Variation in expenditure for common, high cost surgical procedures in a working age population: implications for reimbursement reform.


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BACKGROUND:

In the move toward value-based care, bundled payments are believed to reduce waste and improve coordination. Some commercial insurers have addressed this through the use of bundled payment, the provision of one fee for all care associated with a given index procedure. This system was pioneered by Medicare, using a population generally over 65 years of age, and despite its adoption by mainstream insurers, little is known of bundled payments’ ability to reduce variation or cost in a working-age population. This study uses a universally-insured, nationally-representative population of adults aged 18-65 to examine the effect of bundled payments for five high-cost surgical procedures which are known to vary widely in Medicare reimbursement: hip replacement, knee replacement, coronary artery bypass grafting (CABG), lumbar spinal fusion, and colectomy.

METHODS:

Five procedures conducted on adults aged 18-65 were identified from the TRICARE database from 2011 to 2014. A 90-day period from index procedure was used to determine episodes of associated post-acute care. Data was sorted by Zip code into hospital referral regions (HRR). Payments were determined from TRICARE reimbursement records, they were subsequently price standardized and adjusted for patient and surgical characteristics. Variation was assessed by stratifying the HRR into quintiles by spending for each index procedure.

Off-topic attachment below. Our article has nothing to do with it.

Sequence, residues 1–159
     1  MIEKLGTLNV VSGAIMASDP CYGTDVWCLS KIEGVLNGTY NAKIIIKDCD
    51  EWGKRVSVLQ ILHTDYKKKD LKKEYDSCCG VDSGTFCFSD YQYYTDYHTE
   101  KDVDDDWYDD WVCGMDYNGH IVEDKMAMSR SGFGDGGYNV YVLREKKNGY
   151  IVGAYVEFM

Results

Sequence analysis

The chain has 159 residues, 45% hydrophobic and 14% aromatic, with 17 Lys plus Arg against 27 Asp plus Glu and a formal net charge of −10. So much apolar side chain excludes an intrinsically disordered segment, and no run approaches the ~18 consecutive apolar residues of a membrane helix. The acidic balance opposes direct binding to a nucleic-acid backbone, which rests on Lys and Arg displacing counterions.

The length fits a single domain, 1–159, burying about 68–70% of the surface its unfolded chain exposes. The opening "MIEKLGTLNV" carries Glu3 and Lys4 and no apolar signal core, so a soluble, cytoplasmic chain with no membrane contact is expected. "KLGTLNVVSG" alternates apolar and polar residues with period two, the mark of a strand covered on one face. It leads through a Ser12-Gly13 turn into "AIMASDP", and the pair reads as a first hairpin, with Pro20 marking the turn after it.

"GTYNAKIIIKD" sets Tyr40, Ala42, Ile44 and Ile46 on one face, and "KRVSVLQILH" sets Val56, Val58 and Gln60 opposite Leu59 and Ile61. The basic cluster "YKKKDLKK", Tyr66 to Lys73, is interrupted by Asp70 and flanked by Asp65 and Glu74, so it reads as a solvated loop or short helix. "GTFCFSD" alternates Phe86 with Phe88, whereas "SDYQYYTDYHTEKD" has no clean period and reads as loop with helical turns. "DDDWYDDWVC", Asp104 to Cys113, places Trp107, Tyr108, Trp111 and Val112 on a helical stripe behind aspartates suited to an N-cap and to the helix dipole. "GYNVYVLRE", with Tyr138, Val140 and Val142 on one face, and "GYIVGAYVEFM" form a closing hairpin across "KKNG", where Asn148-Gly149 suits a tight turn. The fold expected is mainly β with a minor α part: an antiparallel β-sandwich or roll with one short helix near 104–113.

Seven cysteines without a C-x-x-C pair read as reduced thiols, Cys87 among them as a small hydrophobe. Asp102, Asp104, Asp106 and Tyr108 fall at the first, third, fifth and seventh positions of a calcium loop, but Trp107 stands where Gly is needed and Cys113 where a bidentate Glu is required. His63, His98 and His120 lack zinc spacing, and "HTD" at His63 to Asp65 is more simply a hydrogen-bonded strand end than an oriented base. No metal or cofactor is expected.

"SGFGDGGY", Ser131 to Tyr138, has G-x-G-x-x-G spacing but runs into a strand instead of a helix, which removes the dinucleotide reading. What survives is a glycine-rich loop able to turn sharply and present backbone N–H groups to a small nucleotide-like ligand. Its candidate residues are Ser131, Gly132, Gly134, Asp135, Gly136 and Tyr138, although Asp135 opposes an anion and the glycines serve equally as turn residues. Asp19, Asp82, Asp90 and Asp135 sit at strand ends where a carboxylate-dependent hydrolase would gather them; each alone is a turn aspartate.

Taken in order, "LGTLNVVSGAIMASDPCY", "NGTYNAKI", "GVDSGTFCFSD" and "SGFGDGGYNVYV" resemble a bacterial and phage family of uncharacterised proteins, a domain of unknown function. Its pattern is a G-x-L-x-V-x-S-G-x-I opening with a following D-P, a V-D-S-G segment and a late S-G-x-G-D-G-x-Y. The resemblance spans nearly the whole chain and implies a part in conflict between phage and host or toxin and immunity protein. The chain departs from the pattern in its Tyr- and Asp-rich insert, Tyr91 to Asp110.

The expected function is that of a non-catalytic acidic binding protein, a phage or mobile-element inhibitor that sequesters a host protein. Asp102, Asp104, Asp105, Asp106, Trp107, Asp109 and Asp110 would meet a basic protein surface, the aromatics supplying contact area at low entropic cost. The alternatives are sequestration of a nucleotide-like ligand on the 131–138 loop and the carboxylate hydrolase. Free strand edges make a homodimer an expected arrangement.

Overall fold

RESULTS:

After adjusting for case mix, significant inter-quintile variation was observed for all procedures, with knee replacement showing the greatest variation in both index surgery (107%) and total cost of care (75%). Readmission was a driver of variation for colectomy and CABG, with absolute cost variation of $17,257 and $13,289 respectively. Other post-acute care spending was low overall (≤$1606, for CABG).

CONCLUSIONS:

This study demonstrates significant regional variation in total spending for these procedures, but much lower spending for post-acute care than previously demonstrated by similar procedures in Medicare. Targeting post-acute care spending, a common approach taken by providers in bundled payment arrangements with Medicare, may be less fruitful in working aged populations.

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